Washington’s 1963 turfman of the year, Christian J. “Seb” Sebastian first entered racing on a large scale in 1944 when he went to the Keeneland Sales and purchased 14 yearlings. He had originally just bought 13, but was encouraged not to go home with an “unlucky 13.” The 14th yearling, which he purchased for $1,200, Galla Damion, put the Kirkland breeder on the racing map. As a three-year-old, the son of Sir Damion set a new world’s record for seven furlongs and was considered one of the early favorites for the Kentucky Derby. He was a three-time stakes winner of $69,790 and became a significant sire in Washington. Another of that fateful group was Blue Tiger, who won the 1949 Longacres Mile in Sebastian’s colors (Galla Damion finished fourth in the $18,200 race). A winner of 20 other races, the gelded son of Tiger earned $64,550. But probably the most significant among that group of yearlings was Dusky Chance, Washington’s 1963 broodmare of the year and dam of four stakes winners, two of which went on to become state champions. Her leading earner, Dusky Damion, a son of Galla Damion, won or placed in 18 stakes races in Washington and California and earned $171,650. Dusky Chance’s second champion, though bred by Sebastian, was raced through most of his career by Ned Skinner and Melville “Jack” McKinstry. Due to health reasons, Sebastian had sold all his Thoroughbred holdings and Kirkland farm in the autumn of 1961. Dr. John H. is the only horse that ever came close to sweeping Longacres top three events, as he won the Washington Futurity, the Longacres Derby and finished second in the Longacres Mile (at three).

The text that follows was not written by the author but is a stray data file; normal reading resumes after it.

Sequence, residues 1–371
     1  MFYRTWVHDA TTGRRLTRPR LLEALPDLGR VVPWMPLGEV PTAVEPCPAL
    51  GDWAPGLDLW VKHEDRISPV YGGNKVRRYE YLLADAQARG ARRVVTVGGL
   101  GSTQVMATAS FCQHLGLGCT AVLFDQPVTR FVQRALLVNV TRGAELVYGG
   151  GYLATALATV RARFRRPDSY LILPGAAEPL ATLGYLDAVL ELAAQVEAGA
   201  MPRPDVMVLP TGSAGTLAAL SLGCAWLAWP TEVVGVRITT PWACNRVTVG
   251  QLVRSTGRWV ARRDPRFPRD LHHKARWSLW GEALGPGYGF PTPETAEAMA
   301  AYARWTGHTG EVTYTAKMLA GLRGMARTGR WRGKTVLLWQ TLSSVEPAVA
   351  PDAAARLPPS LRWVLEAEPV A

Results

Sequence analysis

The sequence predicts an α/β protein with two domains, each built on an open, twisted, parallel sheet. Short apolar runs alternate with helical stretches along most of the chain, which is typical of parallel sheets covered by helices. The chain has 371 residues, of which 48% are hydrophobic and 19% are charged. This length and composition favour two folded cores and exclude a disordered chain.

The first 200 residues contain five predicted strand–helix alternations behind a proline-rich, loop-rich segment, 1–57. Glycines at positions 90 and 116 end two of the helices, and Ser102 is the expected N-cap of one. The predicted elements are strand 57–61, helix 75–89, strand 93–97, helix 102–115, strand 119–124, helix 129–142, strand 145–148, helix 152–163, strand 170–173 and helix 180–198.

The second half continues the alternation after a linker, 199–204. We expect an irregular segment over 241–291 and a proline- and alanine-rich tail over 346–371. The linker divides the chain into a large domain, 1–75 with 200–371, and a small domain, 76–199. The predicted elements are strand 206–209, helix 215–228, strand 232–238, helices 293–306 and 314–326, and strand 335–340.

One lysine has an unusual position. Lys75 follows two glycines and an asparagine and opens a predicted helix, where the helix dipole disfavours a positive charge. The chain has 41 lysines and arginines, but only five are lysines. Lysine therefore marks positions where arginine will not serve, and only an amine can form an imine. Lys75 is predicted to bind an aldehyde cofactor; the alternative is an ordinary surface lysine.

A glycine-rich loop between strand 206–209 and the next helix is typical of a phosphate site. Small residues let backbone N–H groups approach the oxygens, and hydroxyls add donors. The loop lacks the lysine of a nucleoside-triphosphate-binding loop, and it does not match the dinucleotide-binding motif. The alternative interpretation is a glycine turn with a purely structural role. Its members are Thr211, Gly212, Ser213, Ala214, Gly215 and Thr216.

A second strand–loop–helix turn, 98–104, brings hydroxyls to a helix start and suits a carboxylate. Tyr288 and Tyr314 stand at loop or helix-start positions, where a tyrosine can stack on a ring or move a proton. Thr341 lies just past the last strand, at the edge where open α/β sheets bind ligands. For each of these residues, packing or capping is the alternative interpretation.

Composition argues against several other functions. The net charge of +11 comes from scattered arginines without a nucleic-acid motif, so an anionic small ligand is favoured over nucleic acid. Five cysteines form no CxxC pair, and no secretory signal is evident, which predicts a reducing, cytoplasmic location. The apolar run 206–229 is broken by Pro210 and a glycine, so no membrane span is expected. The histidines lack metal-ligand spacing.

Sebastian was Washington’s leading breeder by earnings for three years (1961-1963) and was also leading breeder by races won in 1963. He bred the winners of $631,234, and that was enough to rank him second among all breeders in 1966. Sebastian’s first Washington-bred runner reached the races in 1950 and he had his first statebred winner the following year.
A longtime WTBA member, Sebastian served as a board of trustee for seven years and as president of the organization in 1957.